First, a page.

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If you’ve heard me speak recently or read about any of my recent congressional testimony, you may be aware that I’m fairly vocal about my concerns regarding our ability to sustain the unchallenged technological superiority our military has enjoyed for several decades. This isn’t a new concern but, given the budget cuts we face and the difficult trade-offs among competing needs for force structure, readiness and investment, I decided it was time to be much more public and vocal about our current and future risks. The Secretary and the acting Deputy Secretary have been extremely supportive and are expressing the same concerns.
“Captain’s log, star date 2821.5. On route to Makus III with a cargo of medical supplies. Our course leads us past Murasaki 312, a quasar-like formation. Vague, undefined, a priceless opportunity for scientific investigation. On board is Galactic High Commissioner Ferris, overseeing the delivery of the medicines to Makus III.”
How well will weapons work? The answer to this question is not simple, but is necessary to develop effective weapons and survivable systems. The fundamental knowledge required to answer this question comes from energetics experts—researchers and developers of warheads, explosives, propellants and pyrotechnics. Ideally, real-world tests are used to determine weapons effects, but they are not always possible, particularly due to cost.
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John DelGreco starts each morning at 0600 at the Defense Contract Management Agency (DCMA) Raytheon Tewksbury Contract Management Office (CMO). He’s been doing it a while. January 2014 represented the start of his 27th year as a contract price/cost analyst at DCMA. Over the course of his career, he has seen many changes within the agency and the pricing career field.
The Department of Defense (DoD) continues to look for ways to encourage innovation and the transition of innovative concepts into its programs. The federal government has continued to support DoD rapid acquisition programs to get great ideas out to the warfighter. For example, the Air Force Research Laboratory’s Vehicle Stopper Challenge encourages hopeful innovators to solve a specific problem. Similarly, the government website Challenge.gov offers prizes to people who can help solve technical problems in a wide variety of government programs.
A military construction project is a large and incredibly complex undertaking. It requires enormous individual responsibility, considerable planning and constant, highly effective coordination and communication to complete a military construction project successfully.
The Life Cycle Logistics career field comprises professionals responsible for planning, development, implementation and execution of effective and affordable weapons, materiel and information systems product support strategies. Life Cycle Logistics encompasses both acquisition and sustainment activities spanning a weapon system’s life cycle. It is today the third largest Defense Acquisition Workforce career field, made up of more than 17,000 civilian and military personnel from the Army, Navy, Marine Corps, Air Force and a range of Department of Defense (DoD) agencies. It has not, however, always been so.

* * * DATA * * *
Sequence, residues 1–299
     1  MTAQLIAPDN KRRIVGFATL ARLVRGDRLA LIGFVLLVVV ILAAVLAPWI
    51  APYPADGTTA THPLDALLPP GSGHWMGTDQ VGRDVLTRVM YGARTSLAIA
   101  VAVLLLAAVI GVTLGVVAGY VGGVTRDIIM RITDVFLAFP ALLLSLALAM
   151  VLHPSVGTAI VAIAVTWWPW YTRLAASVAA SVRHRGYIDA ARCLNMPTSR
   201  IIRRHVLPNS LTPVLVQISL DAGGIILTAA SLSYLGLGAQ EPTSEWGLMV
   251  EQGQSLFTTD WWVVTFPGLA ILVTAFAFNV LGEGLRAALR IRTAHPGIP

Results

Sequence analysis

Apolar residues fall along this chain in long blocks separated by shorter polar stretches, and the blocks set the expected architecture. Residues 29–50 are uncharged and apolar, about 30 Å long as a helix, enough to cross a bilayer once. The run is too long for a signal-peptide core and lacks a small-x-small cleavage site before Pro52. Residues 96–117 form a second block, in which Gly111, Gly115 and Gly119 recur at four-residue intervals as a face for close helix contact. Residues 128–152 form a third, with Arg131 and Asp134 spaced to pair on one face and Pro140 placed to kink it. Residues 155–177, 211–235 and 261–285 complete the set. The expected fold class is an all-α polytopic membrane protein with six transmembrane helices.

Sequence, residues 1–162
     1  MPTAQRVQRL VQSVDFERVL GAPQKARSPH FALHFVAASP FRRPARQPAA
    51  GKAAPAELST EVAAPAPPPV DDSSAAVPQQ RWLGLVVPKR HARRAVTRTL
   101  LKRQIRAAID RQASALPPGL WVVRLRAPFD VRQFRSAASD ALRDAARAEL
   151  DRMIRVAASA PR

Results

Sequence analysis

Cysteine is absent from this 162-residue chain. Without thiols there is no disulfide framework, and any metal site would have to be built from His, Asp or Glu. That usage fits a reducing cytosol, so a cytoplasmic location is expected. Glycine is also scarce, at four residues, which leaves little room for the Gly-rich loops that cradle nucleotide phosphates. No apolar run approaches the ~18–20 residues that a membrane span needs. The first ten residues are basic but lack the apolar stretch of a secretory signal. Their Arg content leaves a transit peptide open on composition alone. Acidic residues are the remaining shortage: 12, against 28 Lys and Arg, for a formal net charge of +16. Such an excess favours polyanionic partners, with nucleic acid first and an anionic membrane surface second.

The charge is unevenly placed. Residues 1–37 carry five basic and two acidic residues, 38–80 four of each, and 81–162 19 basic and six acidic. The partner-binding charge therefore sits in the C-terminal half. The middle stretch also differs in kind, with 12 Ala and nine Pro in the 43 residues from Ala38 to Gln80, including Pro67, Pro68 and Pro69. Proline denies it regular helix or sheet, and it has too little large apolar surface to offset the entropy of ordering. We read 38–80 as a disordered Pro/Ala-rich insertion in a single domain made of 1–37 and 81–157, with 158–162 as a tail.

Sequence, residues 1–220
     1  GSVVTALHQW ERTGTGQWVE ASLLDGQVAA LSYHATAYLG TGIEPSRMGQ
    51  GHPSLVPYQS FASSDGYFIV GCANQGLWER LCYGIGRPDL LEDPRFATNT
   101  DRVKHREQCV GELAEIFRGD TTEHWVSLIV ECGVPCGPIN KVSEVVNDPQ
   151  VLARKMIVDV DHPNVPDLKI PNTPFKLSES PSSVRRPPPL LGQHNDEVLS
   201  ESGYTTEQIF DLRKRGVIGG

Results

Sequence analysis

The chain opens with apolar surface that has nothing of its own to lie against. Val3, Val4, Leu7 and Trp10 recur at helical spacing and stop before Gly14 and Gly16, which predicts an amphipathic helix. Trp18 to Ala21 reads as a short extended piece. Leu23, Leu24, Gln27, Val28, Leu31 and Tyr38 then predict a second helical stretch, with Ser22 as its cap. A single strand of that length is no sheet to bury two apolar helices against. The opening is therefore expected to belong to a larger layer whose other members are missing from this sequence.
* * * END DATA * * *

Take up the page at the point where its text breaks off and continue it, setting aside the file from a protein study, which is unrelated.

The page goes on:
The Department of Defense (DoD) builds the most technologically complex weapons and communications systems in the world today, yet the government officials charged with overseeing these programs rely mostly on manual, paper-based processes to create the acquisition plans and analyses needed to manage these programs. Not surprisingly, collecting information for the dozens of acquisition documents required during a program’s life cycle is labor intensive and time consuming. Documents shuttle back and forth among groups of creators, reviewers, approvers and other stakeholders, often introducing unintended but consequential inaccuracies as they add their personal and positional insights when refining these program plans. Version control can be a nightmare. Worst of all, decision makers are unable to fully exploit the valuable troves of program information because the process creates innumerable separate and often conflicting data sources, rather than authoritative and searchable information sources.
This article uses the DOTmLPF-P construct (defined below) usually associated with non-materiel solution requirements analysis to propose recommendations for U.S.-coalition and host nation government (HNG) forces plus host nation vendors (HNV) when conducting procurements for HNG forces using the host nation (HN) industrial base in a contingency environment. These proposals are by no means exhaustive but are intended to provide some major areas to consider when executing an HN-first procurement policy.